“Sardonic” is the word that inadequately describes the events of this year’s second day of Christmas, December 14th, 2012. As the classic Christmas song says, true love’s gift was two turtle doves.
Historically the dove represents the peace. France, Germany, Ireland, and Australia and other nations have minted coins with the image of a dove sometimes with an olive branch. This image hearkens back to the biblical account of Noah’s Ark when Noah sent a dove to see whether the land was suitable for for life after God destroyed the whole Earth with a flood. That dove returned with a green olive branch revealing not only that the land was safe, but that new life had returned, God’s anger had subsided, and there was peace between man and God again, albeit a temporary peace. The turtle dove (streptopelia turtur) is among the few of natures creatures that mate for life. In most cases when one dove dies, the other will live the rest of its life in solitude, and often follows in death shortly after its mate for sorrow of the loss. This attribute has been used in prose and poetry for several hundred years to tell of the longing and desire between people in love. A pair of turtle doves thus represents the peace that the whole world groans for and love’s longing for communion between the closest of friends. What a thing to do on a day when we should have been left to consider peace and love.
I am on the end of the curve of people who have commented on what happened last Friday, but here are a few points of though that have come out of the interactions I have had on the subject.
1. There is Rejoicing in the Sadness
Virtually no one would disagree that Friday’s events were horrific. The most heinous crimes seem insignificant when we think of 5 and 6 year old children who have barely begun life cut off from it so quickly and mercilessly. It is even more saddening for the parents of those children who do not have hope in Jesus Christ, because their belief systems deny even their beloved child any certainty of a better place or end of suffering. Some will hold that their children simply ceased to exist or that their fates cannot be known. But the Bible points clearly to the salvation of these children. The implications in John 9:41 and Psalm 22:9-10 indicate God’s prenatal election, and Romans 1:20 clearly states that it is only those who have had the opportunity to see God though what has been made who are “…without excuse.” Thus a child without the ability to trace the wonders of Creation back to the Creator do have an excuse and cannot be condemned. This means that at this moment there are 20 children rejoicing around the throne of Christ without pain or tears. Furthermore, they are bearing witness and giving their affirmation to the justice of God against their antagonist. In heaven there are no tears for the punishment of what is evil, because the population of heaven is fully caught up in the glories of God Himself. It is different for us here and now. We see “in part,” so we mourn for every lost person. But in heaven we will not morn for them. In heaven justice is served and God is even more glorious for it.
2. We must be careful with blame.
When atrocities cause us, or those we care for, pain it is completely natural and instinctual to ask at least two questions: “how did this happen?” and “how can I make sure it never happens again?” These questions should be asked. The need to be asked. But the answers we come up with will be, in large part, the determiners of our future. Many would like to blame guns. Many would like to blame mental illness. Some would even like to blame school security. All these things could make an impact. I would like to address these three issues separately, but begin with the main point: there is no one to blame except Adam Lanza. He picked up the gun, pointed it at his mother and pulled the trigger knowing what guns do and knowing who his mother was, he pulled the trigger and committed murder. And then he went to the school and did it 25 more times before pointing the gun at himself and pulling the trigger. The last line of defense against this type of crime is not gun control, treatments for mental illness or school security. The last line of defense is a person’s willingness to obey God’s 7th commandment and not commit murder because it is wrong. Adam failed to do so.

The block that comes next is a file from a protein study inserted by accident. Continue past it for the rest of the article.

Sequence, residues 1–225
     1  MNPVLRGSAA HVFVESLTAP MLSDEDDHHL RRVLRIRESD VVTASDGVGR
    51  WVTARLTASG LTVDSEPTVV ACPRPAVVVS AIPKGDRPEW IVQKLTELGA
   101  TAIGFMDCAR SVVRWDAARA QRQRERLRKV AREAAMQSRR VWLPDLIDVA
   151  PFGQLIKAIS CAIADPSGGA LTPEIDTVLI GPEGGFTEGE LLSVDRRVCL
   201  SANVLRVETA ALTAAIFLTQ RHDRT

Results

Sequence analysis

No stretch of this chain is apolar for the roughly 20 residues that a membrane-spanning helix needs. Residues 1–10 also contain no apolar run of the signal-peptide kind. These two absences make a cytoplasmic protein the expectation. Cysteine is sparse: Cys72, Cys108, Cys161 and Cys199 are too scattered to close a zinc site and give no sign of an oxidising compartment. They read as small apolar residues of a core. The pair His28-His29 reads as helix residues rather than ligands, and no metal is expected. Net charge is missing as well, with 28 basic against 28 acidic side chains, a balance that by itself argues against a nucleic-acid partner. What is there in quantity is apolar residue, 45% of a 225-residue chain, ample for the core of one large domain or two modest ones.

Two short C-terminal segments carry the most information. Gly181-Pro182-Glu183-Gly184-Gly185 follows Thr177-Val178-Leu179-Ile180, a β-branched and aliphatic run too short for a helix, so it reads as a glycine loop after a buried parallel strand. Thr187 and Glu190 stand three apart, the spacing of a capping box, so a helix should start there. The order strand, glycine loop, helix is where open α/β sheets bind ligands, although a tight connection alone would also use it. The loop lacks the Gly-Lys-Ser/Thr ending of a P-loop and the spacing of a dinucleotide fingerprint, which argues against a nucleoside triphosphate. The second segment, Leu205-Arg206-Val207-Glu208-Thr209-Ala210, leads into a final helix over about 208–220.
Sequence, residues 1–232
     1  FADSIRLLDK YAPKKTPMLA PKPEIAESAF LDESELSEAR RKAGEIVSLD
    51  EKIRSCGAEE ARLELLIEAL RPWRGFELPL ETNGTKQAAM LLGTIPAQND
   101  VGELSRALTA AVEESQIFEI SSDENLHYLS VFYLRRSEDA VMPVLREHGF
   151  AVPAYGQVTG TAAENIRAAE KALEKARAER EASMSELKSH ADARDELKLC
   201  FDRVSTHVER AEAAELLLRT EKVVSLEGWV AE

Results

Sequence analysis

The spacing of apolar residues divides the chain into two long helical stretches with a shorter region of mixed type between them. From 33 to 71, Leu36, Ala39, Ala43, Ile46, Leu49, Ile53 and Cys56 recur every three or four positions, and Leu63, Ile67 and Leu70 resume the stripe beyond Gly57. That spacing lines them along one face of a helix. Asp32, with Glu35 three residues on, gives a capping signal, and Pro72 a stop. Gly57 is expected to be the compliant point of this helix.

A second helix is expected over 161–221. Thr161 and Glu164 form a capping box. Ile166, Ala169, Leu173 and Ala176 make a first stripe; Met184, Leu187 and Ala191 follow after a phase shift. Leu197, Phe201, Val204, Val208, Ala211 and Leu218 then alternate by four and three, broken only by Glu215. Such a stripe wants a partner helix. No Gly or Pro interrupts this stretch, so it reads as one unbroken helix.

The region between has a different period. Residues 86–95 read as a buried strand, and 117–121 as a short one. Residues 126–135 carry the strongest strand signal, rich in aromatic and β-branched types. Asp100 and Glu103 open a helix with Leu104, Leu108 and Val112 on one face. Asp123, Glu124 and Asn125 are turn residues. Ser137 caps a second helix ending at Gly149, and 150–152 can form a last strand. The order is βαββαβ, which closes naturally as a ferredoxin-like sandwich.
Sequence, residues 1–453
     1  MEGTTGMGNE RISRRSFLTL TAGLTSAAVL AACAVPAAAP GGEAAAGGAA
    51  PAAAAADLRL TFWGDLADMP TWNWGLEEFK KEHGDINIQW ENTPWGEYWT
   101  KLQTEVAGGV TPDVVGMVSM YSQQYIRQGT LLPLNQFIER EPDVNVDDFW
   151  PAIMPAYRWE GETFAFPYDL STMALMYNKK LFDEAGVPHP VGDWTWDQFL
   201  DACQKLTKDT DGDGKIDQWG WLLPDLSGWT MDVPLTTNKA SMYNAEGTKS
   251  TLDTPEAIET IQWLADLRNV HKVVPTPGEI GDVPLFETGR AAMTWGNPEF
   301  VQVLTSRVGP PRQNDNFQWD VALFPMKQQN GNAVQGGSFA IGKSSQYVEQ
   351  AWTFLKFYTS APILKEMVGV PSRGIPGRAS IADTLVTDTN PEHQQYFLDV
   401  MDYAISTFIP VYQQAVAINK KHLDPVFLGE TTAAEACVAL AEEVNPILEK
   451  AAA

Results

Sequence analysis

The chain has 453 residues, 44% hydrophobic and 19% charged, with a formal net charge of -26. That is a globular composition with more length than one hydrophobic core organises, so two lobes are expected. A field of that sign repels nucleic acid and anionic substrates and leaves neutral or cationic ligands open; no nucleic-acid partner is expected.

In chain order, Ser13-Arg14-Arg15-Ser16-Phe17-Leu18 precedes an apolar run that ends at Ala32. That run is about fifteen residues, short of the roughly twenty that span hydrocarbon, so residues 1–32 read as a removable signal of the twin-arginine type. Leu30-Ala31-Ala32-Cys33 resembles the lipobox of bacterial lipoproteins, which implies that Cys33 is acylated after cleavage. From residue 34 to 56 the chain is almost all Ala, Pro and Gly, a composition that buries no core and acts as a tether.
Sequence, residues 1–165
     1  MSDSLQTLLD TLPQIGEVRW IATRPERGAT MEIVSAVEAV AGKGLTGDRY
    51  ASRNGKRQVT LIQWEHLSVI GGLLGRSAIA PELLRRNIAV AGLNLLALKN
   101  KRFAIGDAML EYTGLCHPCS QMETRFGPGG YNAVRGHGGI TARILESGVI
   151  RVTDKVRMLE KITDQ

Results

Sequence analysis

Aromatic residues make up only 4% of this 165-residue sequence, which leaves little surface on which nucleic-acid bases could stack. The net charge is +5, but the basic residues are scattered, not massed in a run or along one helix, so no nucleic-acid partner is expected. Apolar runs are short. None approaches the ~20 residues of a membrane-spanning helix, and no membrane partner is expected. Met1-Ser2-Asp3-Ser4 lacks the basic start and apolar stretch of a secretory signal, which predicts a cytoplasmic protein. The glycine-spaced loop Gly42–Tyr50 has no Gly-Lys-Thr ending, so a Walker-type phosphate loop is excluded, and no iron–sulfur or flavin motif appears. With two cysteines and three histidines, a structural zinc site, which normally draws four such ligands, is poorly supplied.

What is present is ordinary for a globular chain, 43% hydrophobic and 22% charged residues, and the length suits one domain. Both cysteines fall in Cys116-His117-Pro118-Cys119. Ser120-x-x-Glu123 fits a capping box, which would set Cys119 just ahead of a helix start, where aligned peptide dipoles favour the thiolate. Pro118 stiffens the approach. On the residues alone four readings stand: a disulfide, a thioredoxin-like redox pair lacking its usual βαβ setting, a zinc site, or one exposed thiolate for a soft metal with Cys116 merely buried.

In regards to gun control, it would be caustically insensitive to take a cavalier “just goes to show you what happens when you regulate guns!” approach and it would be just as insensitive to say “just goes to show you what happens when you let anyone have a gun!” Regulation/deregulation of guns did not cause Adam Lanza to murder 26 people, rather his conscious decision to murder them did. Cases have been cited… Min Yingjun in China wielded a knife in a school and severely injured 22 children and a teacher; the Pearl River, MS shooting where another disturbed young man entered a school and the gun carrying principal ended the attack before it became a catastrophe. Guns are tools in the hands of their users, and will be used for whatever purposes their owners see fit (and when I say “owners” I mean the person holding the gun, not necessarily the person listed on its registration). Adam Lanza could have killed without a gun. He could have systematically stabbed 26 people to death. He also could have killed with a bomb made from household cleaning supplies that he learned to build from a YouTube video and we might have been mourning the deaths of every student and teacher in that school. What we do to stop this kind of attack should not begin or end with guns, because guns are not the beginning or the ending of the problem. Human wickedness is. We can choose to deal with human wickedness by hiding behind the police, metal detectors, aggression suppressing drugs, and legislation, or we can hope for the best (maintaining our freedoms, and not living in fear) while preparing for the worst (arming ourselves and our teachers with the tools, and maybe even the guns, to protect our kids).